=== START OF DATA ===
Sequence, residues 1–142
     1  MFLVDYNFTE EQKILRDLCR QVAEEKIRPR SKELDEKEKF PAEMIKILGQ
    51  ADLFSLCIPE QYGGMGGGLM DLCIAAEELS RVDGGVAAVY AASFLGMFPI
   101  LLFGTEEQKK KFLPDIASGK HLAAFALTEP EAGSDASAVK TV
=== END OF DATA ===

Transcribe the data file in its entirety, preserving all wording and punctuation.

Sequence, residues 1–142
     1  MFLVDYNFTE EQKILRDLCR QVAEEKIRPR SKELDEKEKF PAEMIKILGQ
    51  ADLFSLCIPE QYGGMGGGLM DLCIAAEELS RVDGGVAAVY AASFLGMFPI
   101  LLFGTEEQKK KFLPDIASGK HLAAFALTEP EAGSDASAVK TV